'Life with Picasso' (1964) was written by Francoise Gilot (with help from Carlton Lake). Gilot was Picasso’s mistress from the mid-1940s until the end of the 1950s. It’s a first-person account of her stormy time with Mr Love-Pants, beginning with the day in wartime Paris when Gilot was approached by Picasso in a restaurant, to the time when, exhausted by feeding the monster’s ego and with a couple of children in tow, she did what no other mistress of Picasso had done before: she broke free and left him.
There are different ways of looking at the relationship that is painted by this book. Picasso certainly considered that it would damage his post-war image as the left-wing saint, and he tried to have the book banned and withdrawn before it was first published. It’s true that Picasso does not come off well in terms of how he treated Gilot, or any of the women in his life. Infidelity? Yes, from the start, as he was still conducting a relationship with Marie-Therese Walter during the first years that Picasso and Gilot were together. Cold-hearted? Well, when Gilot was in the hospital, he would blame her for getting ill on purpose in order to abandon him. Cruel? Certainly. There are many anecdotes of how he verbally mistreated the people around him, from Sabartes, an old Catalan crony who was Picasso’s secretary for many years, his dealers and buyers, and the mother of his children.
Yet unlike, say, Arianna Huffington, who rehashed a lot of this material in her ‘all men are bastards’ book ‘Picasso: Creator and Destroyer’, Gilot recounts all these events dispassionately, with no rancor or appearance of trying to settle scores. On more than one occasion, she says that she knew what she was getting into, and had no illusions about Picasso as the ideal, tranquil domestic partner. Even though she was clearly worn out by him in the end, she takes pains to mention all the good things she got out her relationship with him. I’m sure that, if nothing else, she got lessons in painting and in human nature that she could not have received from any other human being. (Born in 1921, Gilot is still alive, by the way. A painter herself, she has had a successful life as an artist, despite Picasso making sure that she couldn’t exhibit in any prestigious galleries for a long while after the split.)
The meat of the book, the thing that draws me back to it time and again, is the number of vivid scenes from the life of Picasso at that time. We get to see his rivalry with Matisse up close, his envy and slight fear of Braque. We see Picasso’s insecurities, his pettiness, his showmanship, his manic swings between boredom and productivity, the need to have activity all the time, and his complaints about never having time to work. For me, knowing Picasso’s character faults in no way diminishes my admiration for his work, and my fascination with his life. And no other book by people who knew him brings you closer to Picasso than Gilot’s.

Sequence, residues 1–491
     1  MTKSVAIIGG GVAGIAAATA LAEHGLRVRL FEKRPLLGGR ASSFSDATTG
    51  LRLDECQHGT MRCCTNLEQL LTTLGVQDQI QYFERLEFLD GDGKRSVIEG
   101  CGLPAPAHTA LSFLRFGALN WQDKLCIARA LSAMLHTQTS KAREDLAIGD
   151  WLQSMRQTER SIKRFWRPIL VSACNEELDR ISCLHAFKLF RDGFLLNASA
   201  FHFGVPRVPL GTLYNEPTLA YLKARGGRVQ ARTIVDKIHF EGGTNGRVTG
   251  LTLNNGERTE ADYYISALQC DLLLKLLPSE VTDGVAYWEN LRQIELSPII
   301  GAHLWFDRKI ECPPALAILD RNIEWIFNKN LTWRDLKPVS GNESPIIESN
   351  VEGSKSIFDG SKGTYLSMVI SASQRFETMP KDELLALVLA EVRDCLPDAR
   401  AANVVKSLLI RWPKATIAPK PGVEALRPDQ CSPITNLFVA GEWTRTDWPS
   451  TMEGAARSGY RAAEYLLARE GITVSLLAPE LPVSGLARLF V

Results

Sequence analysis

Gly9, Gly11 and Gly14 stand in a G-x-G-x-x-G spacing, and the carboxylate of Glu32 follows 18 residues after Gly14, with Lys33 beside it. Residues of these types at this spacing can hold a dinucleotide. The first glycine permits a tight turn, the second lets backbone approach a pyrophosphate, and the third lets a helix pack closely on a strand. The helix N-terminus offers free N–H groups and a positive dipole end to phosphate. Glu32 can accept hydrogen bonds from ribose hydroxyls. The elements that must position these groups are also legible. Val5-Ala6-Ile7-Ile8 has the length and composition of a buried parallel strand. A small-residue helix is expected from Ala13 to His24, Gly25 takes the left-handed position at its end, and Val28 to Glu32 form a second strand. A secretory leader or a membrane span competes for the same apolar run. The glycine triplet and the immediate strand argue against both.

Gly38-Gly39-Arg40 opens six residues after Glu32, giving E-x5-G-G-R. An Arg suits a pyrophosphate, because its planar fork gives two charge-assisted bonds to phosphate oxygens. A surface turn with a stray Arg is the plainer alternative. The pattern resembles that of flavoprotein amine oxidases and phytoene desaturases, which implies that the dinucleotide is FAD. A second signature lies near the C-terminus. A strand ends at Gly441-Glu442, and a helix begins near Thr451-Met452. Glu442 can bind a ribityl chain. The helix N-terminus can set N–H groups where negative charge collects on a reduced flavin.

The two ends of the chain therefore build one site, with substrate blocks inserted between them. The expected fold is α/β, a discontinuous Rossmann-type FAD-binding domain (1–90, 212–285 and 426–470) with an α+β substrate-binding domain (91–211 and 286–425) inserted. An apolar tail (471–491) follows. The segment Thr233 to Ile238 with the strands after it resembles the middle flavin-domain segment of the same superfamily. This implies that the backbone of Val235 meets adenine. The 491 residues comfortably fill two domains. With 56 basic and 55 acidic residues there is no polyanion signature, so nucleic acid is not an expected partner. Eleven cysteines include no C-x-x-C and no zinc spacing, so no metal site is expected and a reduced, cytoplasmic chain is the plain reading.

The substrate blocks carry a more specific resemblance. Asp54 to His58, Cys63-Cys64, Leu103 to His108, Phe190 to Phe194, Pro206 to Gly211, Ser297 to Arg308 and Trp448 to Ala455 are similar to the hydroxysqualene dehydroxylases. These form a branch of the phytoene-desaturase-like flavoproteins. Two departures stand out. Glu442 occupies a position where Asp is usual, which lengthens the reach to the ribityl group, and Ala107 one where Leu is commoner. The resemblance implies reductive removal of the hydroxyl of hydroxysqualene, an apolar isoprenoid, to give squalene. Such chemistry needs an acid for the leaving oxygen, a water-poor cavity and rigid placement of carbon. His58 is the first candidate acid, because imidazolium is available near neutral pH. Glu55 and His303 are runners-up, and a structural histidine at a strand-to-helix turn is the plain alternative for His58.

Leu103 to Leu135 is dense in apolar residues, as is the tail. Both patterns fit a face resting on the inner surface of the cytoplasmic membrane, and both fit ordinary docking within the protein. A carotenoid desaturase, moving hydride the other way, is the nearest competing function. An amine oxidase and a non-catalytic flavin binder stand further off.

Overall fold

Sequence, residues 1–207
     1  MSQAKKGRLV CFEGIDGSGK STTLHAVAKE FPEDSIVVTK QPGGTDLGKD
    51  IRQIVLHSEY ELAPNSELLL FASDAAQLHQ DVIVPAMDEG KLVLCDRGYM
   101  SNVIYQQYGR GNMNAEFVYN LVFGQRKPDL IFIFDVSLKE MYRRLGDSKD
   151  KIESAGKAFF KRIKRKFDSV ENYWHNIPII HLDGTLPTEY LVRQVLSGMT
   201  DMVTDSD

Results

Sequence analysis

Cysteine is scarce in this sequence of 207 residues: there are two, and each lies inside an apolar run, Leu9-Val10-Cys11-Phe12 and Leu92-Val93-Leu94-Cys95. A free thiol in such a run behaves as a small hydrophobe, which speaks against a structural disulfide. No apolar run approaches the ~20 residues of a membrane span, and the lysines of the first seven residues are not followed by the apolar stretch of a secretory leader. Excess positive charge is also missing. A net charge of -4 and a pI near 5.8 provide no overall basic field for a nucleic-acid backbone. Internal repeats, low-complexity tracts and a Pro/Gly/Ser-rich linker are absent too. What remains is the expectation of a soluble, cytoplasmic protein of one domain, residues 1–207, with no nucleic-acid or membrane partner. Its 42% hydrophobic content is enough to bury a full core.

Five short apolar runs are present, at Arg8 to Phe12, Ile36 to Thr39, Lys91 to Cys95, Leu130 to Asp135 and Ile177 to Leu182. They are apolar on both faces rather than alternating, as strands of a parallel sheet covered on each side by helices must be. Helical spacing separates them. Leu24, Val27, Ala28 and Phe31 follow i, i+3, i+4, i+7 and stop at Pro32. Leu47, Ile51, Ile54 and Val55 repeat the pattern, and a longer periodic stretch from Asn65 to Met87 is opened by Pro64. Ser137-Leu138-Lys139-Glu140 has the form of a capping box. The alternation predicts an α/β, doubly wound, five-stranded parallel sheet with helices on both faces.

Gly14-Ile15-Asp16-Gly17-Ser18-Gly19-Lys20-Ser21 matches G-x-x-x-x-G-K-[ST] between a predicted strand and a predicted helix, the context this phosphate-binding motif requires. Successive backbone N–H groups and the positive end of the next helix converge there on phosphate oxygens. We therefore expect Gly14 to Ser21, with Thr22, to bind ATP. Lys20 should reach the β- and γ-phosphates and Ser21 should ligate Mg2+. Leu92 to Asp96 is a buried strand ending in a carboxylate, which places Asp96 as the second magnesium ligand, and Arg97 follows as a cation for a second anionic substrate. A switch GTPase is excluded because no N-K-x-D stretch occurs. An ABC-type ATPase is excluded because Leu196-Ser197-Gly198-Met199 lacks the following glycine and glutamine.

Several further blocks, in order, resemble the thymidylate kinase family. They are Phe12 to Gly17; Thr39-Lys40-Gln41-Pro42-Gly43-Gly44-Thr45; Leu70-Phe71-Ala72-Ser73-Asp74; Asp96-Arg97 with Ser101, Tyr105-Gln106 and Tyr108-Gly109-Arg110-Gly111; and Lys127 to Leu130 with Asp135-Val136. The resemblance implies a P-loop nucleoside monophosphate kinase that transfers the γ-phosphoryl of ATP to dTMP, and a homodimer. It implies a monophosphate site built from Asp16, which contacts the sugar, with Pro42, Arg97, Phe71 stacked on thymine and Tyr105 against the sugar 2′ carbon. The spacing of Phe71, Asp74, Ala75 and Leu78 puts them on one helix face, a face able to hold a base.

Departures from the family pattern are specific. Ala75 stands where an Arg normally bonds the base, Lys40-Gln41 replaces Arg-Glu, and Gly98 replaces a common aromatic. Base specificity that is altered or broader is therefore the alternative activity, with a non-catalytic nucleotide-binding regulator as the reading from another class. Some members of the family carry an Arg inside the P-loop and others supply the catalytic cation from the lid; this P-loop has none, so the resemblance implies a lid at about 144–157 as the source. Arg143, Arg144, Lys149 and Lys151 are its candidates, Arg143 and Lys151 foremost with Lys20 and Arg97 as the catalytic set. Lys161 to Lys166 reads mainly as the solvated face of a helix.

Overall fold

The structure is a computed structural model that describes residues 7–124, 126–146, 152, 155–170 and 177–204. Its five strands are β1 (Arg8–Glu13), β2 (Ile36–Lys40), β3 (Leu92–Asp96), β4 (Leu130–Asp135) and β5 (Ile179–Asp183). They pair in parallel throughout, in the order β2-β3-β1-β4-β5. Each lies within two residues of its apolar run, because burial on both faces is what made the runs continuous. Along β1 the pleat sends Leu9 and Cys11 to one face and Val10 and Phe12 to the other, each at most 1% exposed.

To take one example: in the first chapter, Gilot conjurs up the atmosphere in Picasso’s mansion on the Rue des Grands Augustin, with its antechamber guarded by the suspicious and vigilant Sabartes, the great room where Picasso would receive visitors, and the attic room to which he enticed Gilot in order to put the wheels of seduction in operation, pointing out to her that Balzac had owned the building in the nineteenth century, and that he, the great painter, was now living in the rooms depicted in Balzac’s masterpiece ‘Le Chef d’Ouevre Inconnu’. Here is an excerpt from Gilot’s description of the moment when the 61 year old Picasso makes his move on the 21 year old Gilot:
“On the opposite side of the room from the vitrine was a table covered with tools. I walked over to it. Picasso followed me. ‘These I use in finishing my sculpture,’ he said. He picked up a file. ‘This is something I use all the time.’ He tossed it back and picked up another. ‘This one is for finer surfaces.’ One after another he handled a plane, pincers, nails of all kinds – ‘for engraving on plaster’ -- a hammer, and with each one he came closer to me. When he dropped the last piece back onto the table he turned abruptly and kissed me, full on the mouth. I let him. He looked at me in surprise.
" ‘You don't mind?’ he asked. I said no -- should I? He seemed shocked. ‘That's disgusting,’ he said. ‘At least you could have pushed me away. Otherwise I might get the idea I could do anything I wanted to.’ I smiled and told him to go ahead. By now he was thrown completely off the track. I knew very well he didn't know what he wanted to do, or even whether, and I had an idea that by saying, placidly, yes, I would discourage him from doing anything at all, so I said, ‘I'm at your disposition.’ He looked at me cautiously, then asked, ‘Are you in love with me?’ I said I couldn't guarantee that, but at least I liked him and I felt very much at ease with him, and I saw no reason for setting up in advance any limits to our relationship. Again he said, ‘That's disgusting. How do you expect me to seduce anyone under conditions like that? If you're not going to resist -- well, then it's out of the question. I'll have to think it over.’ And he walked back into the sculpture studio to join the others.”‘Life with Picasso’ has never been out of print since it was published (Amazon link here). And here’s something that’s completely mental: Gilot, whose book describes an era that seems both very close and yet incredibly remote, even has her own website!
Subscribe to Praeterita in a reader